Over the past three years since Michael Brown was shot by an officer in the line of duty leading to the formation of the organization “Black Lives Matter” and the hashtag #BLM, a constant refrain has been “So he should have been killed, JUST for doing THAT?”
What it is that was done does not seem to matter- the rhetoric is always the same. Did Michael Brown deserve to be killed for robbing a convenience store?
Did Alton Sterling deserve to be killed for selling bootleg CDs?
Did Eric Garner deserve to be killed for selling “loosie” cigarettes?
Did Freddie Grey deserve to be killed for possessing a switchblade?
Did Tamir Rice deserve to be killed for brandishing a toy gun?
The actual specifics of the case are after a sense, the details that matter are a police stop whether on foot or in a vehicle that is escalated by a threat, real or perceived, to the officer’s life or the lives of by standers, prompting the officers to discharge weapons and leaving the suspect dead.
I won’t discuss the specifics about any of the cases. Whether this or that individual law enforcement officer was right or wrong to discharge their weapon given the particulars of the circumstance again, does not matter in the grand scheme.
Of course each case should be treated individually, and the full effects of the law applied to the officers who are found to have committed misconduct, whether murder or manslaughter or simply negligent misconduct through the same process of innocent until proven guilty and punished as appropriate to the crimes which they are found to have committed.
Of course there are changes to Police force engagement rules that we can and should have discussions about.
But we need to also be very clear about the simple fact of what a law means.
The maximum penalty for breaking any law is death.
Any time we initiate a police to citizen interaction, death is a potential result. This potential exists regardless of what the law is, what the legal system imposed penalties are, what the police officer’s standing procedures and training tell them to do, how well we’ve trained the citizenry to respond to police interaction, we introduce a rick that the suspect will be killed.
So, if you are wondering what the potential penalties for a particular crime are- you might simply recall that no matter what google or a lawyer may tell you, death is a possibility.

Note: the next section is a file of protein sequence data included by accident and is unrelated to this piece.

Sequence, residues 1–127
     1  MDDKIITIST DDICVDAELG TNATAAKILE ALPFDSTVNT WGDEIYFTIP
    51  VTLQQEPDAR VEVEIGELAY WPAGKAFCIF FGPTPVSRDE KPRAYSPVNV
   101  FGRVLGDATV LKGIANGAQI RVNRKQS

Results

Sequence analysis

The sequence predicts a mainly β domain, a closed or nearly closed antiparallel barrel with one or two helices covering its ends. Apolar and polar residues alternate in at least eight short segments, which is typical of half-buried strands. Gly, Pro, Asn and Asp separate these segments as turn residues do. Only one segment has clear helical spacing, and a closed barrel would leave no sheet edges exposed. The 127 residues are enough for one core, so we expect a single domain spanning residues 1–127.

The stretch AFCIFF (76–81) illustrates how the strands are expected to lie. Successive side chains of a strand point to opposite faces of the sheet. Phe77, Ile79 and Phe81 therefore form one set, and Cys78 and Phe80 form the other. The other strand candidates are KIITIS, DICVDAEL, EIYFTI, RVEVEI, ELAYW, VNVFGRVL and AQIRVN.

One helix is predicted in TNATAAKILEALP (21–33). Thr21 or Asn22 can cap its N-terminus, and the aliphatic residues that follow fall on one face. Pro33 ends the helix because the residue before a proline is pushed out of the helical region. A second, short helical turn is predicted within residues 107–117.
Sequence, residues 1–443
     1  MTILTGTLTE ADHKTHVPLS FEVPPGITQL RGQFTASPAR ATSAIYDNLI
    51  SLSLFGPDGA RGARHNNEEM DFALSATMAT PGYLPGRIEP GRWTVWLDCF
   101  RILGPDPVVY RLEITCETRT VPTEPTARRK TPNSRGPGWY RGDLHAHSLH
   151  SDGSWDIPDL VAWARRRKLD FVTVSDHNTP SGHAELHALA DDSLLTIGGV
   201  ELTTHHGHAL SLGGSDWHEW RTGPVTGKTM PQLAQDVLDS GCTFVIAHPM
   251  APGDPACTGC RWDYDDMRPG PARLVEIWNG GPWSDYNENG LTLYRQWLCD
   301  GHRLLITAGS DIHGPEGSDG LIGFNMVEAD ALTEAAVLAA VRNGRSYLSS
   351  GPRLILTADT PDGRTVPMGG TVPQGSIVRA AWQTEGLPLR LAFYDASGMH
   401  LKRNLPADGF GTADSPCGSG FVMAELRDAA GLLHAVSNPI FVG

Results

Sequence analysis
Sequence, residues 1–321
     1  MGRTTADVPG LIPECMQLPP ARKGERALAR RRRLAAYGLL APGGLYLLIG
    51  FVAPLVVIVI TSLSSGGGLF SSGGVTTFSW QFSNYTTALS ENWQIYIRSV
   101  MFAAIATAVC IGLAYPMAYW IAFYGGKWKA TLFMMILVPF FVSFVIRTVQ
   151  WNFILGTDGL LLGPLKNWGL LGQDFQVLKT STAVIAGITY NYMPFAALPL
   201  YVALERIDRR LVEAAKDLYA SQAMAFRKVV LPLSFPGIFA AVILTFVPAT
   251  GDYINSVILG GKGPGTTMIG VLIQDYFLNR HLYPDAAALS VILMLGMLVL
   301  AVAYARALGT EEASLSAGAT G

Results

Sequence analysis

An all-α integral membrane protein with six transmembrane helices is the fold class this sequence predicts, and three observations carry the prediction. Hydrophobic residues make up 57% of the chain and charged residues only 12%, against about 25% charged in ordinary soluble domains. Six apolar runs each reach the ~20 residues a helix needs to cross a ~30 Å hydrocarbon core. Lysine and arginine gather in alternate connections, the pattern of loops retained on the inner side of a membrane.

The penalty for tax evasion? Death.
The penalty for any of the ridiculous statutes listed here? Death.
The penalty for a tail light violation? Death.
The penalty for dancing in the street? Death.
The stories could go on and on. On the scale of infinity, eventually it is inevitable than any law for which a person may be pulled over, or a warrant issued for arrest will result in a citizen (potentially innocent) being slain.
In light of the myriad of potential situations which can results in death after a police/citizen interaction goes wrong, what can we do to protect innocent lives?
One solution which is given far too little consideration during the discussion is to repeal the laws which are unnecessary, onerous, and potentially illegitimate laws.
We could reduce the deaths that occur for people who are selling loosey cigarettes by removing the law which prohibits selling loosey cigarettes.
We could reduce the deaths that occur at speeding stops and tail light stops by removing the power of police to pull cars over for such offenses.
We could reduce the deaths for the possession of switch blades (or fire arms) by removing laws which make possession of these items illegal.
We could reduce the deaths from tax evasion by ending taxation, which is theft.
Obviously, laws which prohibit brandishing of weapons, assault, attempted murder, and other such crimes with clear victims who require protection, but on many, many other laws which exist on the books, either enforced or unenforced about which we are not having any discussions on a national level.
In recent years there’s been a national push for the decriminalization or legalization of only three acts or products- gay marriage (which was settled with the Obergefall case), Marijuana (which exists in a quasi-legal state that is both unsustainable and unwise), and Illegal immigration (which is a political football, with arguments on all sides which are intentionally obtuse in order to drive voters through fear).
How many other laws exist which deserve to be challenged on either the Federal or the state levels?
How many of those could we derive a broad consensus on, since these are issues which people tend to care about less fervently since they are less tied to self identification and culture war?
I’d argue that if diligent conversation was had about the need to reduce laws on a broad, rather than narrow scope we might make some actual progress towards a less authoritarian state.